Whatever your post-graduate plans are, you need to pay off your debt. Vocational school can be a great option, but don’t forget the total cost of school after graduation. you still have to pay off your student loans even if you’ve dropped out of school.

5. Student loan co-signers are just as responsible as the student

Finally, when you co-sign a loan, including a student loan, you are just as responsible as the borrower. Parent, grandparent, family member, friends – don’t co-sign a student loan. If you really must, you must co-sign a student loan the right way.

When you co-sign a student loan and the student cannot repay the debt, you must repay the debt. In the worst case, if you co-sign a loan and the student dies, you may still have to repay the debt.

Even after graduation and the student is making payments every month, getting a co-signer release can be difficult. This means that you can still be dependent for the duration of the loan. It can impact your own credit score and even prevent you from buying a car or house in certain circumstances.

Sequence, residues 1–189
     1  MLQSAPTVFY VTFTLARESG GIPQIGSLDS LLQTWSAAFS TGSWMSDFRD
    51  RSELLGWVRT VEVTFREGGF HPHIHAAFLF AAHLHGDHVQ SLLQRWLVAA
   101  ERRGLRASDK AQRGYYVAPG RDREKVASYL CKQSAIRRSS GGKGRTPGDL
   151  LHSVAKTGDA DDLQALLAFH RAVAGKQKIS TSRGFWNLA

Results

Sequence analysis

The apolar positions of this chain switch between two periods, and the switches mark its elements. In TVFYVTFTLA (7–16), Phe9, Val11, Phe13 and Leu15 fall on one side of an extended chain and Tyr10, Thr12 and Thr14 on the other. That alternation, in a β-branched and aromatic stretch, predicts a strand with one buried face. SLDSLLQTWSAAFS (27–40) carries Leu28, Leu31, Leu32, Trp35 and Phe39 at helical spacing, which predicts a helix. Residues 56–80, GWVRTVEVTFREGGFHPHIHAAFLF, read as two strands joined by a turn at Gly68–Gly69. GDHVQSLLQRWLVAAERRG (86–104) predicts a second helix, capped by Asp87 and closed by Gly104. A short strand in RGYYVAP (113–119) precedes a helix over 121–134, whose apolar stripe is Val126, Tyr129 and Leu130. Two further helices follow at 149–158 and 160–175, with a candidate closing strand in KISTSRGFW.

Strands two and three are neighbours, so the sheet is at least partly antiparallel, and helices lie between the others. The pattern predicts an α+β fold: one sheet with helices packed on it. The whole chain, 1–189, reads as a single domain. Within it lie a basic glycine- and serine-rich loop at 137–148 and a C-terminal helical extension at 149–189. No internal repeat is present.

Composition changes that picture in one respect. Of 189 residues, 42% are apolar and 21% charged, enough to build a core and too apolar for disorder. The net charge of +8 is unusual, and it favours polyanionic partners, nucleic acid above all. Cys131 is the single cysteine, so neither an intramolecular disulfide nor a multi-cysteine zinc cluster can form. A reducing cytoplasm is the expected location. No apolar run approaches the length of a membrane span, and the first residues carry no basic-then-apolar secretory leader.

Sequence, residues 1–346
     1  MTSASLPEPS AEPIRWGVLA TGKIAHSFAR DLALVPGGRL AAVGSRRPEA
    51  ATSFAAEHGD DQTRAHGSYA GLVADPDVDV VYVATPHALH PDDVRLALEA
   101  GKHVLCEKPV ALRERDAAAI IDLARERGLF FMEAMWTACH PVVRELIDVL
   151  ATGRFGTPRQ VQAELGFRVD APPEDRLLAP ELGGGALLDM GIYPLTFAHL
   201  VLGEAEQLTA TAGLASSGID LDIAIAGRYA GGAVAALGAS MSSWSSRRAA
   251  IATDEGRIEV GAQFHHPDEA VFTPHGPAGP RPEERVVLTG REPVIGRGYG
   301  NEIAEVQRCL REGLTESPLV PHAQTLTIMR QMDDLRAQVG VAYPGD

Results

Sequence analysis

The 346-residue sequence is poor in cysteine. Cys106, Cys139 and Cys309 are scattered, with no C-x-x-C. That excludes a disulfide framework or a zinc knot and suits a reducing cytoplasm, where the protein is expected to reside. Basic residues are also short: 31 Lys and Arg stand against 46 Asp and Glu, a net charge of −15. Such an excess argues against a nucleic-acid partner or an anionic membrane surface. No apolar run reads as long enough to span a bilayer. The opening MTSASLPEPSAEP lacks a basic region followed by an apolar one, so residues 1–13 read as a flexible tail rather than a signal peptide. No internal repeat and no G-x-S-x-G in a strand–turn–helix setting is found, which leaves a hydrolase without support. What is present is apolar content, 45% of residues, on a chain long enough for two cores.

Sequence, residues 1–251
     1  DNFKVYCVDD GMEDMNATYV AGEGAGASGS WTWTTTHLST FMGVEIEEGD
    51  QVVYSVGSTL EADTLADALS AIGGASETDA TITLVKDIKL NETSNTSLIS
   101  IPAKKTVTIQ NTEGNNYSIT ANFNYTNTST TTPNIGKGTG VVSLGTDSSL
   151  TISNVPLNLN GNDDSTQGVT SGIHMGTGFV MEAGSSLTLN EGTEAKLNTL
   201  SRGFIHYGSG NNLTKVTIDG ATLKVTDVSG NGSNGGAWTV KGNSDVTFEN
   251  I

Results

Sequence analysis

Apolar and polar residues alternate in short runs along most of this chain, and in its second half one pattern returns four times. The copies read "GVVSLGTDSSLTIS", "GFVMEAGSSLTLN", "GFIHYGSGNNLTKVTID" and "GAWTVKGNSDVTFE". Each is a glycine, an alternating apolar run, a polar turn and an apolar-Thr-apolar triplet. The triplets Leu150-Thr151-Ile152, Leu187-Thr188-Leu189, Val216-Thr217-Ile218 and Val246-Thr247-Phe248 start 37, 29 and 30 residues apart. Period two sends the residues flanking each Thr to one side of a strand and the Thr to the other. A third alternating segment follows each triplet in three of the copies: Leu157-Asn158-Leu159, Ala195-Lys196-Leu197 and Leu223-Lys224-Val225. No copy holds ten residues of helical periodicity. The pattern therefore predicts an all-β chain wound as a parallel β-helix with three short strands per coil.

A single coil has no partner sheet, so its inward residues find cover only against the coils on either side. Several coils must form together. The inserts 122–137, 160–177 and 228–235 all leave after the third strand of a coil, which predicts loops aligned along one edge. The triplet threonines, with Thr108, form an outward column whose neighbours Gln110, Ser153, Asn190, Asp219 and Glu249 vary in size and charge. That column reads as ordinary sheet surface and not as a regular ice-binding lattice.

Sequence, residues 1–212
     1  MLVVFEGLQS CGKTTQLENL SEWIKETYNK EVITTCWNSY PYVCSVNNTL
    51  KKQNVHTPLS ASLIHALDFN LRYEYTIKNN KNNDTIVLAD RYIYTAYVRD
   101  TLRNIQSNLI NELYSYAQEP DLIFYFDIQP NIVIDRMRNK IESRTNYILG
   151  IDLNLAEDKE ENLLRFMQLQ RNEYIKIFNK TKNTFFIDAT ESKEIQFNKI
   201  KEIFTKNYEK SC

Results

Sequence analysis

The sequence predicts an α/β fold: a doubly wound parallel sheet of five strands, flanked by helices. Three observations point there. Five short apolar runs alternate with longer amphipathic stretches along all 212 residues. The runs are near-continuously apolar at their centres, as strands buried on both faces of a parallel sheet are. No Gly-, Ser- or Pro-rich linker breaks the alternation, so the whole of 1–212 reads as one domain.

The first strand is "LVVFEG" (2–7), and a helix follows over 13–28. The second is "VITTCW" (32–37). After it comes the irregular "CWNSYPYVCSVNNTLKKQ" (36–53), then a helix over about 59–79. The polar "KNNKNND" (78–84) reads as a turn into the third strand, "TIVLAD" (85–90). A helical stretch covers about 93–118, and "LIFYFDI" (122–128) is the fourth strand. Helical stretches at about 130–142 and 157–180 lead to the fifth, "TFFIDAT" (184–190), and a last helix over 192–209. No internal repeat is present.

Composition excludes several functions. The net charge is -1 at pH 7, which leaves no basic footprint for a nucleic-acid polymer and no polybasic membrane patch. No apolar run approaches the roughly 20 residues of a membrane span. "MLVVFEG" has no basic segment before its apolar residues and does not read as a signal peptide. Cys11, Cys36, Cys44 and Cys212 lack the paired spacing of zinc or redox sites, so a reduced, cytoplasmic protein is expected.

If you are unable to take out a student loan personally, you should not co-sign one. It’s the same thing.

If you’re considering refinancing your student loans, look for student loans that have a “co-signer release.” This option allows the co-signer to be removed from the loan after a set number of one-time payments. You can compare options like this at Credible for free.

Unfortunately, in cases where a borrower dies, the co-signer could also be responsible for the debt. That’s why it’s so important for cosigners to make sure there’s a term life insurance policy for the borrower just in case. We recommend that you get a quick quote at haven of life.

Bonus fact: where to get help

Even though I’ve said countless times that you can do it for free on StudentLoans.gov, there are still people who have asked me “that’s great Robert, but I still want to pay someone for me help – who can I trust?” That’s a good question, so who can you trust?

The basic starting point is to call your student loan officer and get help directly. They are literally paid by the US government to help you with your student loans.

Then you can do a lot yourself on StudentAid.gov.

Finally, you can consider paying an expert for help. If you’re not sure where to start or what to do, consider hiring a CFA to help you with your student loans. We recommend The Student Loan Planner to help you build a solid financial plan for your student loan debt. Check The Student Loan Planner here.

If you need help, it might be a good idea to pay for it. Don’t pay too much and really know what you are getting.

Did You Know These Facts About Student Loans? Have you ever needed help with your student loans?